W­HEN O­PEN SPACES CALL

SA Jagter Hunter - - IN MY VISIER -

It was dark, de­ad qui­et and very cold w­hen I slip­ped out the door of the guest­hou­se in Bloem­fon­tein. The Toyo­ta’s en­gi­ne pur­red w­hen I tur­ned the ig­ni­ti­on and mi­nu­tes la­ter, with the air con­di­ti­o­ner pro­per­ly ad­jus­ted, warm air star­ted trickling in­to the Hi­lux’s ca­bin.

I tur­ned off the N8 ne­ar Pe­trus­burg and he­a­ded in the di­recti­on of Kof­fie­fon­tein. The re­a­ding on the temp gau­ge was -3˚... Ex­cept for the bak­kie’s he­ad­lig­hts fee­ling their way through the dark mor­ning, a pa­le moon dim­ly lit the sur­roun­ding veld. I felt sa­fe and co­sy in the in­ti­ma­te spa­ce of the Toyo­ta’s ca­bin. The­re is so­mething spe­ci­al a­bout tra­vel­ling al­o­ne in the dark on the back ro­ads of our big sky coun­try. It al­ways feels as if I am in a co­coon – sa­fe from e­ver­y­thing that li­fe and the sur­rounds can throw at me. To me so­li­tu­de is bliss. With the Hi­lux’s en­gi­ne pur­ring con­tent­ly (that’s w­hat I i­ma­gi­ne) and the ty­res’ mo­no­to­nous sin­ging on the tar, my thoug­hts ran­ged far and wi­de... re­cal­ling hunts of the past that took pla­ce in the land of horizons, the G­re­at Ka­roo.

E­ven­tu­al­ly I tur­ned south and w­hen I pas­sed Heu­ning­nes­kloof on my way to­wards Ho­pe­town the first rays of sun­lig­ht re­luc­tant­ly star­ted cra­w­ling o­ver the veld. Lif­ting the veil of dar­kness, the sun see­med to cling to the ed­ge of the e­arth for long mo­ments be­fo­re it la­zi­ly cle­a­red the ho­ri­zon. Af­ter a mi­nu­te or two it ap­pea­red to gat­her mo­men­tum and then star­ted pain­ting the rol­ling plains, stret­ching as far as the eye can see, in hu­es of gold.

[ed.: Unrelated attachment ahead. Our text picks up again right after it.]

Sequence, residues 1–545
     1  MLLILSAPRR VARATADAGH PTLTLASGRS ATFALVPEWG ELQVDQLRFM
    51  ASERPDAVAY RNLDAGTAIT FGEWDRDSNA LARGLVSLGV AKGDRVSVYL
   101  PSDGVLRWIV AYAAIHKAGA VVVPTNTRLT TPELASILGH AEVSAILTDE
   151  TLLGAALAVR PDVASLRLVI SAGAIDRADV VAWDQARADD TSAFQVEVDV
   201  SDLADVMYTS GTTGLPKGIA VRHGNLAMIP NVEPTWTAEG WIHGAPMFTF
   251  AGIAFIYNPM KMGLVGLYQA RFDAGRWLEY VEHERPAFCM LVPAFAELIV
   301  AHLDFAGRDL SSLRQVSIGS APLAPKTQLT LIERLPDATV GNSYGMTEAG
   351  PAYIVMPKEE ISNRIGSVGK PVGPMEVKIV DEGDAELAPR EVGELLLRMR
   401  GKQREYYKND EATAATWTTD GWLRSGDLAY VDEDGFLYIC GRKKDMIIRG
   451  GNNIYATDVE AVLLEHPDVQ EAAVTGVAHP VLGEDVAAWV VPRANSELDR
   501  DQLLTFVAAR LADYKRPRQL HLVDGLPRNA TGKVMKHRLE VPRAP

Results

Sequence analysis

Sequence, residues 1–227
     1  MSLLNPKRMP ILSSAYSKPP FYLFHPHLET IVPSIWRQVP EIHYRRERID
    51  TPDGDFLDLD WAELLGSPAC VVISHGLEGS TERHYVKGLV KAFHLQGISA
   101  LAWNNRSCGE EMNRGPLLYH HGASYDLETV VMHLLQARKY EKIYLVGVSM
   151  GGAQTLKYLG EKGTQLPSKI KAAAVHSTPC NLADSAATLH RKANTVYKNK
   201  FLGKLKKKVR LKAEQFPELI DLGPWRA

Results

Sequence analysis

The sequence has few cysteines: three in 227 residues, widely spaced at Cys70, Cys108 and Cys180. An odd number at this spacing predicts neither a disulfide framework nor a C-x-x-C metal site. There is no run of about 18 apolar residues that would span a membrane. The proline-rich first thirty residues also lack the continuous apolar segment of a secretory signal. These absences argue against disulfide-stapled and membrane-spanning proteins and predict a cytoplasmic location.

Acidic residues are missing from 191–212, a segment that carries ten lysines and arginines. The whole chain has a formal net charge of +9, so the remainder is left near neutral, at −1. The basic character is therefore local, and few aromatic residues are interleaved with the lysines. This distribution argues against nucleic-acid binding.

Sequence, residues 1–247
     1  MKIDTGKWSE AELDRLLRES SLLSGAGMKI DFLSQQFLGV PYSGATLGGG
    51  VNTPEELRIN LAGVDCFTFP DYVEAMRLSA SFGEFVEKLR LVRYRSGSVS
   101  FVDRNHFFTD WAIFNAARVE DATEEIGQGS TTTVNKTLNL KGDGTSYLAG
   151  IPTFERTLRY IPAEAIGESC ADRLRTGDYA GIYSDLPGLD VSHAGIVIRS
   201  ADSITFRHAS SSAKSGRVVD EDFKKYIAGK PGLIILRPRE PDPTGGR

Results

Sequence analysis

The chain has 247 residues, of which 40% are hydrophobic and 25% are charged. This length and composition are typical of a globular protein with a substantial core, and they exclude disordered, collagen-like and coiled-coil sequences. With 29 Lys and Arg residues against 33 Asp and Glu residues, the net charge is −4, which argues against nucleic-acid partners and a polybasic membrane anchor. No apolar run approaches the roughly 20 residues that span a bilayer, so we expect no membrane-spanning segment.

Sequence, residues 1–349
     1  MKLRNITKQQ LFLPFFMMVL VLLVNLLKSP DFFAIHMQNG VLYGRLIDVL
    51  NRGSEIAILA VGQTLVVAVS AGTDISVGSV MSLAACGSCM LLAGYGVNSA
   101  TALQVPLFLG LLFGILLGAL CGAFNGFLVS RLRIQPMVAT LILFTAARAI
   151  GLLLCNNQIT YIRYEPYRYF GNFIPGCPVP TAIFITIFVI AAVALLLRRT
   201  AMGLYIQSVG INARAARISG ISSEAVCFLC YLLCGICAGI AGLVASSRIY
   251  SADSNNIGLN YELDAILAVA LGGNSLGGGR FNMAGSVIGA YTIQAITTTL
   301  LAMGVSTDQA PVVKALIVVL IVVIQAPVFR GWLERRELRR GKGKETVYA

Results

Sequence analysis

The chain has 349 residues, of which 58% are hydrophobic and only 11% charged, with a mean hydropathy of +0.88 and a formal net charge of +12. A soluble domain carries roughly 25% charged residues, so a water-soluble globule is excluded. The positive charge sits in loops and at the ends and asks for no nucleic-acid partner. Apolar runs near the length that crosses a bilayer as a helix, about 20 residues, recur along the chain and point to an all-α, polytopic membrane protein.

Alt­hough I am hap­py a­ny­w­he­re in the veld, my soul feels mo­re at ho­me in the wi­de o­pen spaces of the drier parts of our coun­try. It is the land of the black kor­haan, the gom­pou (ko­ri bus­tard) and the springbuck. A­ni­mals that lo­ve the sun dren­ched plains and the o­pen spaces w­he­re one’s soul can bre­at­he free­ly.

A herd of springbuck to the rig­ht of the ro­ad caug­ht my eye, their gol­den tan and whi­te co­ats shi­ning brig­ht­ly in the e­ar­ly mor­ning lig­ht. Brin­ging the Toyo­ta to a halt I got out to ta­ke a bet­ter look. Cold air nip­ped at my no­se and e­ars but the freshness of the mor­ning soon ma­de me f­or­get a­bout win­ter.

Look­ing at the springbuck (a­bout six­ty strong) I star­ted thin­king a­bout the trek­bok­ke of y­e­ste­ry­e­ar. I was he­a­ding to Kar­reek­loof, west of S­try­den­burg, a hu­ge pro­per­ty w­he­re I was told lar­ge num­bers of the­se won­der­ful buck still ro­a­med the drie­do­ring plains and black- thorn-li­ned gul­lies. Springbuck are chal­len­ging to hunt on foot in o­pen ter­rain and the me­at al­so tas­tes g­re­at – ve­nison-wi­se it is my fa­vou­ri­te a­ni­mal.

Alt­hough I re­al­ly lo­ve hunting springbuck, it is ac­tu­al­ly not a­bout the ve­nison or the trophies. I would feel con­tent, e­ven wit­hout bag­ging a sin­gle a­ni­mal. Just to be out the­re in the wi­de o­pen spaces is e­nough to soot­he the soul and ma­ke you w­ho­le a­gain.

W­hen I dro­ve on I de­ci­ded to “put foot” as they say, be­cau­se I was in a hur­ry to get dirt on my boots and bre­at­he in that spe­ci ial kind off so­li­tu­de­o­li­tu­de that­tha is so in nhe­rent to the land of horizons.

Mooi loop!

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